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Federal Judge Hears Challenge To 'Moment-of-Silence' Law

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Newark--The New Jersey Legislature, in enacting a "moment-of-silence" law for public-school students last year, said the law called for just that--a minute of quiet contemplation and introspection to begin the school day.

But this month in the U.S. District Court here, the American Civil Liberties Union (a.c.l.u.) paraded a score of witnesses before Judge Dickinson R. Debevoise who testified that they believed the act was a guise to return prayer to the schools "through the back door."

"It will lead to bowing heads, closing eyes, and being led in prayer by a teacher," said Langdon Gilkey, a professor of theology at the University of Chicago. "Silence is very much a part of the paraphernalia of religion."

Unlike previous federal and state initiatives to legislate a moment of silence in schools, the New Jersey law makes no reference to prayer, and both proponents and opponents say it presents novel constitutional issues. The legislature overrode the veto of Gov. Thomas H. Kean to enact the law last December, but its implementation was blocked on Jan. 10 by Judge Debevoise on a motion by the a.c.l.u.

After four days of hearings, Judge Debevoise promised a final decision by mid-October.

Because New Jersey's constitution gives legislators immunity from testifying about their official actions, they could not be questioned on their motivation in enacting the law during the hearings. But the a.c.l.u. presented several witnesses who quoted the bill's sponsors as saying they wanted to re-turn prayer to the schools.

Richard Altman, an a.c.l.u. attorney from Trenton who represented the plaintiffs, Jeffrey May, a teacher in the Edison school system, and a handful of parents and students, called several educators to testify that the law has little or no educational value.

"It's bad education and it's bad religion," said Peter J. Kuriloff, a professor of education at the University of Pennsylvania. As an educational tool, he said, the law is "at best marginal, at worst harmful."

Mr. Kuriloff said the silence would provoke anxiety in younger children, invite disruption among junior-high-school students, and intimidate weaker individuals attending high school. Both Mr. Gilkey and Mr. Kuriloff conceded under cross-examination that the law did not say anything about prayer, but they said they had no doubt that at least some students and teachers would use the time to pray.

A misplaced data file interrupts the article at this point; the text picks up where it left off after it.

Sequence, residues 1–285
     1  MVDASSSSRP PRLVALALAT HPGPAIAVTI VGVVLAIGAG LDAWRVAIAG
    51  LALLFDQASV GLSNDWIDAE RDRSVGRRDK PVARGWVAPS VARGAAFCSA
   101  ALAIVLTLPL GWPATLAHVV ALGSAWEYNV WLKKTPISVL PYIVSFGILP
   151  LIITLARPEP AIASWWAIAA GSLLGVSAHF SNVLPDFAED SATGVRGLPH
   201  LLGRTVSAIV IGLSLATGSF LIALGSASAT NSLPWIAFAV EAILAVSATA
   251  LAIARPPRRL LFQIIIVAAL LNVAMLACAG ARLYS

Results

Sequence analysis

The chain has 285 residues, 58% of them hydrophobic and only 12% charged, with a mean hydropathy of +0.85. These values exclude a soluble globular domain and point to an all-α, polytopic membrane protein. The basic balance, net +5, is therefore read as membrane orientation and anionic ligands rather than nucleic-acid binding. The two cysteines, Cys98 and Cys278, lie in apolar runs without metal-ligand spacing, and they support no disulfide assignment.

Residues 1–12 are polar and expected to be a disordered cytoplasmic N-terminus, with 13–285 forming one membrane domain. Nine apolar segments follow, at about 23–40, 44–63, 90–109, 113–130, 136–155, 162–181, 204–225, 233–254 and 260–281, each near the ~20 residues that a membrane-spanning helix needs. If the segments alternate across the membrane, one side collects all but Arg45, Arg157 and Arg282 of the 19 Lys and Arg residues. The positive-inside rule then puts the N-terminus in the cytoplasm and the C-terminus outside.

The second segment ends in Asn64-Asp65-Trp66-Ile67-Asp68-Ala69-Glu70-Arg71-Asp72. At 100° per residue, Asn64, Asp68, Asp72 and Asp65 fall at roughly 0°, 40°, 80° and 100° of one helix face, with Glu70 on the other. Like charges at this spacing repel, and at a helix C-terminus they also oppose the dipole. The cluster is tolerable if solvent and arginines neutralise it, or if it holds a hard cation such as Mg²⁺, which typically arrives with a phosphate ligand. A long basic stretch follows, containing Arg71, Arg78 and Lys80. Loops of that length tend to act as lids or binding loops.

The a.c.l.u. also called two students to testify on why they believed the law was a violation of their constitutional rights, and two school superintendents--Paul Houston of Princeton and Paul A. Shelly of Paramus--who said they thought the law was designed to circumvent the U.S. Supreme Court's 1963 ban on prayer in public schools.

Two ministers who oppose the law, the Rev. George D. Younger, a chief executive officer of the American Baptist Churches of New Jersey, and the Rev. Dudley E. Safarty of the State Council of Churches, also testified, as did representatives of the New Jersey School Boards Association and the New Jersey Education Association.

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N.J. Moment-of-Silence Law

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The legislature, represented by Special Counsel William W. Robertson, a former U.S. attorney for New Jersey, called as its main witness Thomas C. Thompson, a Las Cruces, N.M., psychologist, who presented the only known study on students' reactions to a moment of silence.

Moment of Silence

Mr. Thompson, who last year studied the effects of a similar state law on 144 New Mexico schoolchildren, testified that more than half the children liked having the moment of silence before they began their school day. He said he found no perception among students at any grade level that the moment of silence was in any way a religious activity.

Under cross-examination, Mr. Thompson conceded that neither emotionally disturbed nor hyperac3tive children--students that other witnesses said would be made anxious by the silence--were included in the study.

He also said he did not make any attempt to determine whether the religious beliefs of the students affected their perceptions of the law.

Mr. Thompson said he was commissioned to make the study in January 1982 by the New Mexico Legislature, which was then defending its own moment-of-silence law in federal court. That law, which included a reference to prayer, was declared unconstitutional in February.

Mr. Thompson also conceded that the law caused some consternation in his own family. He said his 16-year-old son told him the law violated his constitutional rights, his 14-year-old daughter said she would use the moment to pray, and his 10-year-old daughter asked permission to use the time to chant.

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